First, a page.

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J Hazard Mater. 2016 Jan 15;301:531-7. doi: 10.1016/j.jhazmat.2015.09.023. Epub 2015 Sep 14.

Biomineralization of Pb(II) into Pb-hydroxyapatite induced by Bacillus cereus 12-2 isolated from Lead-Zinc mine tailings.

Author information

1
Key Laboratory of Design and Assembly of Functional Nanostructures, Fujian Institute of Research on the Structure of Matter, Chinese Academy of Sciences, Fuzhou 350002, PR China; Key Lab of Biopesticide and Chemical Biology, Fujian Agriculture and Forestry University, Ministry of Education & Fujian-Taiwan Joint Center for Ecological Control of Crop Pests, Fuzhou 350002, PR China.
2
Key Laboratory of Design and Assembly of Functional Nanostructures, Fujian Institute of Research on the Structure of Matter, Chinese Academy of Sciences, Fuzhou 350002, PR China.
3
Key Lab of Biopesticide and Chemical Biology, Fujian Agriculture and Forestry University, Ministry of Education & Fujian-Taiwan Joint Center for Ecological Control of Crop Pests, Fuzhou 350002, PR China. Electronic address: guanxfafu@126.com.
4
Key Laboratory of Design and Assembly of Functional Nanostructures, Fujian Institute of Research on the Structure of Matter, Chinese Academy of Sciences, Fuzhou 350002, PR China; School of Environment and Energy, South China University of Technology, Guangzhou 510006, PR China. Electronic address: zlin@scut.edu.cn.

Abstract

The remediation of Pb(II) through biomineralization is rergarded as a promising technique as well as an interesting phenomenon for transforming heavy metals from mobile species into very stable minerals in the environment. Studies are well needed for in-depth understanding the mechanism of Pb(II) immobilized by bacteria. In the present study, we investigated the uptake and biomineralization of Pb(II) using Bacillus cereus 12-2 isolated from lead-zinc mine tailings. The maximum Pb(II) uptake capacity of B. cereus 12-2 was 340 mg/g at pH 3.0. Zeta potential analyses and selective passivation experiments demonstrated that electrostatic attraction was the main force driving the uptake of Pb(II), while the carboxyl, amide and phosphate functional groups of the bacteria provided the binding sites for immobilizing Pb(II). XRD and TEM investigation revealed that the Pb(II) loaded on bacteria could be stepwise transformed into rod-shaped Ca2.5Pb7.5(OH)2(PO4)6 nanocrystal. Combined with protein denaturalization experiments, we proposed that the biomineralization of Pb(II) possibly consisted of two steps: (1) Rapid biosorption of Pb(II) on B. cereus 12-2 through the synergy of electrostatic attraction, ionic exchange and chelating activity of functional groups; (2) enzyme-mediated mineral transformation from amorphous precipitate to rod-shaped crystalline minerals happening gradually inside the bacteria.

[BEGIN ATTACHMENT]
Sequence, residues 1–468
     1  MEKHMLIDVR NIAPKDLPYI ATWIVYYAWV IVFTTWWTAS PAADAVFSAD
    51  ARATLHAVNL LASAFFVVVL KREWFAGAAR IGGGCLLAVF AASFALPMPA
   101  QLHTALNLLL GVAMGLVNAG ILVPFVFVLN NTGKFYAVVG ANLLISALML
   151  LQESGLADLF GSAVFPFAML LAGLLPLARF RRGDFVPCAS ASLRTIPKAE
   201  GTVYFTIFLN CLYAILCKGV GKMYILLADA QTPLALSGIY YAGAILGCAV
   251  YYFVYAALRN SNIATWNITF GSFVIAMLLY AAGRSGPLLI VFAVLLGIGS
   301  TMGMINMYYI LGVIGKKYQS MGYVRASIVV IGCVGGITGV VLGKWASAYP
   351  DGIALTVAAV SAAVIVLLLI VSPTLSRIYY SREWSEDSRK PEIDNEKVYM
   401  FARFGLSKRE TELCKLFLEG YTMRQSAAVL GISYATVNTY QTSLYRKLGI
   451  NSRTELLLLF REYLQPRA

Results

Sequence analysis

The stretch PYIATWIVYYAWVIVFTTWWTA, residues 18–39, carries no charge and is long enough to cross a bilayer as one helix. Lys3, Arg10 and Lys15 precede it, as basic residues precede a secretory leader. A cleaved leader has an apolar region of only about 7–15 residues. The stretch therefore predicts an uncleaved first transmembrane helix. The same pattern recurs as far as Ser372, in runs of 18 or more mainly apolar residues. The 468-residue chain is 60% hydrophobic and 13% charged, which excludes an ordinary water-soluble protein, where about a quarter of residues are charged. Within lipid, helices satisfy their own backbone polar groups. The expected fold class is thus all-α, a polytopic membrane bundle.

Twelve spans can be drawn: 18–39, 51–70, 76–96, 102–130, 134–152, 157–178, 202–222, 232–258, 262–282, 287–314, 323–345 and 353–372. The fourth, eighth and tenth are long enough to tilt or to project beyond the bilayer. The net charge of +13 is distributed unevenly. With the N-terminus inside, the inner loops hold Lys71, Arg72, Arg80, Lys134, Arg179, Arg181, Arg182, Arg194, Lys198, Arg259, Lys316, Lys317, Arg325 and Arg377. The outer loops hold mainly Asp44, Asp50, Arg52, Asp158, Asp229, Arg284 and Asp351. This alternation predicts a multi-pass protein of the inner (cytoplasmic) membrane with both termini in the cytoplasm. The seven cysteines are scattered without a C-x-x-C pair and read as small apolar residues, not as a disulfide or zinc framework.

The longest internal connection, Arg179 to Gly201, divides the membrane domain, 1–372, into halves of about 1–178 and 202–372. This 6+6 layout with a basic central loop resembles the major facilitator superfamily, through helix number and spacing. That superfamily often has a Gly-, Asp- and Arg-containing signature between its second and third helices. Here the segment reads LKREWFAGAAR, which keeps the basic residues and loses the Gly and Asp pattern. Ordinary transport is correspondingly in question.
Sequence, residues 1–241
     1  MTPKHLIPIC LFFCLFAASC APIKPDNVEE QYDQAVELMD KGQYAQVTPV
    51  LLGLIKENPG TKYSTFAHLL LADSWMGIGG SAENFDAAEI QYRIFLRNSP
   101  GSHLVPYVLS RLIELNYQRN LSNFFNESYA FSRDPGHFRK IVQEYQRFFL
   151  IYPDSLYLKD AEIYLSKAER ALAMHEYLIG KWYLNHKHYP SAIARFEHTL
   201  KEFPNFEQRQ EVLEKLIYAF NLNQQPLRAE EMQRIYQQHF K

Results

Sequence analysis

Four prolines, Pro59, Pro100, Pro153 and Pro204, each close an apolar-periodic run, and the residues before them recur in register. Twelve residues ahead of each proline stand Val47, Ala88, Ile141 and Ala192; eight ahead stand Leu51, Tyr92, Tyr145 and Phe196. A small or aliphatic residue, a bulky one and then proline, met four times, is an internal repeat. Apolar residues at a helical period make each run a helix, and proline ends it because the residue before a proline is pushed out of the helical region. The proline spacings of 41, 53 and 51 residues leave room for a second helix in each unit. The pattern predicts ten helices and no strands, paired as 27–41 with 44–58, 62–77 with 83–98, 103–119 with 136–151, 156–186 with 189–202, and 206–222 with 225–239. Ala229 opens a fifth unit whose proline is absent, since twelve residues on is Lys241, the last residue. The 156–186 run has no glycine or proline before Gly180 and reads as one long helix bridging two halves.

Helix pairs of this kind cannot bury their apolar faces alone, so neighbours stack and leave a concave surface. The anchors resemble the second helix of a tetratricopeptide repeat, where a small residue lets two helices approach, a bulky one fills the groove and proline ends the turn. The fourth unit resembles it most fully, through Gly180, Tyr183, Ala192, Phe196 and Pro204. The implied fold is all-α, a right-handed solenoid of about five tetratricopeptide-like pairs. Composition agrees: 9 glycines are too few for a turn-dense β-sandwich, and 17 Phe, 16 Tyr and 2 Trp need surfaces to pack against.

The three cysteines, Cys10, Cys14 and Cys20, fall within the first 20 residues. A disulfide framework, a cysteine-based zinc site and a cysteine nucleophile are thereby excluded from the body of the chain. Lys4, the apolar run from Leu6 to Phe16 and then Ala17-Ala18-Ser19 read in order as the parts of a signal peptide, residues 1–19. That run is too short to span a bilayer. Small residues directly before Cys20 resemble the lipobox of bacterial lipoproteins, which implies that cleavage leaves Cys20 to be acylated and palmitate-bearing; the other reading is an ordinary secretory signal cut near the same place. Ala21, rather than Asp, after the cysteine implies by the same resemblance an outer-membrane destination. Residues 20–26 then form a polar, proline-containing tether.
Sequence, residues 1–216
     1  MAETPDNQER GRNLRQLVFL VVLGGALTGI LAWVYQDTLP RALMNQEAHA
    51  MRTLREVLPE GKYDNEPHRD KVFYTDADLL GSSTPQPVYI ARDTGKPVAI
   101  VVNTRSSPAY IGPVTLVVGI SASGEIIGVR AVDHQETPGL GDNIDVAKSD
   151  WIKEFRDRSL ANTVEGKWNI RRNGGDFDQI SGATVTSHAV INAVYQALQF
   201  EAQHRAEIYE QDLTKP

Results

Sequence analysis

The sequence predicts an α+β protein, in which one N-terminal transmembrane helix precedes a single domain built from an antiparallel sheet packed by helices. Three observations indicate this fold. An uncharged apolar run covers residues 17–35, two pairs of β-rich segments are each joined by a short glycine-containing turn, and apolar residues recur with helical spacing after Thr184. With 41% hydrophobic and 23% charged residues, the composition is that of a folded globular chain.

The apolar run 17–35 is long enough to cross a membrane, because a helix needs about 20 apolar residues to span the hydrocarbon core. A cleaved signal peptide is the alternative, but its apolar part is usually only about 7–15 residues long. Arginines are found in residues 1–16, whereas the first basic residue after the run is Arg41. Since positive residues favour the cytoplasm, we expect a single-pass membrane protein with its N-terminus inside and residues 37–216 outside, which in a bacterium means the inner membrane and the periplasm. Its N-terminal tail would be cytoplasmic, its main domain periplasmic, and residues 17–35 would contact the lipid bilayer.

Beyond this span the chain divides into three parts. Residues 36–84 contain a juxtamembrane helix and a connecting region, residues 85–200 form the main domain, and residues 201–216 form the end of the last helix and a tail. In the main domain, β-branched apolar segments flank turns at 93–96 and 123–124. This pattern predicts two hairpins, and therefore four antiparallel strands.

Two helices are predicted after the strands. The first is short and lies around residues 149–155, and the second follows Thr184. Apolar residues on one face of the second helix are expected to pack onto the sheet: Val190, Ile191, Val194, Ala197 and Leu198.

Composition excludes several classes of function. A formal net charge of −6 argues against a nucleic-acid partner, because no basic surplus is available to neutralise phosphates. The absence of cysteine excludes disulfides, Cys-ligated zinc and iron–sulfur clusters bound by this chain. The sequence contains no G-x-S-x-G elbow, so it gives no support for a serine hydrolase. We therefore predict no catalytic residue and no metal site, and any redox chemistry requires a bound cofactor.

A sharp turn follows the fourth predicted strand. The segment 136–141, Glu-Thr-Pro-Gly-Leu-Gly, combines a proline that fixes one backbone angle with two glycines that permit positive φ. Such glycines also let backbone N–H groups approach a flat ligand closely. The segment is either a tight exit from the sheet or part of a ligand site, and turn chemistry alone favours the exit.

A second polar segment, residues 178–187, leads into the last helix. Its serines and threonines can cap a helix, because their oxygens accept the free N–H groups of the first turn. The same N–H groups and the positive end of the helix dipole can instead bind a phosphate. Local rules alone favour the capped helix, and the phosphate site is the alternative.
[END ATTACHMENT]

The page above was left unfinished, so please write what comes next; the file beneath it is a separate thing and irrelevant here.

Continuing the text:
KEYWORDS:

Bacillus cereus; Biomineralization; Biosorption; Lead

PMID:
26468754
DOI:
10.1016/j.jhazmat.2015.09.023
[Indexed for MEDLINE]

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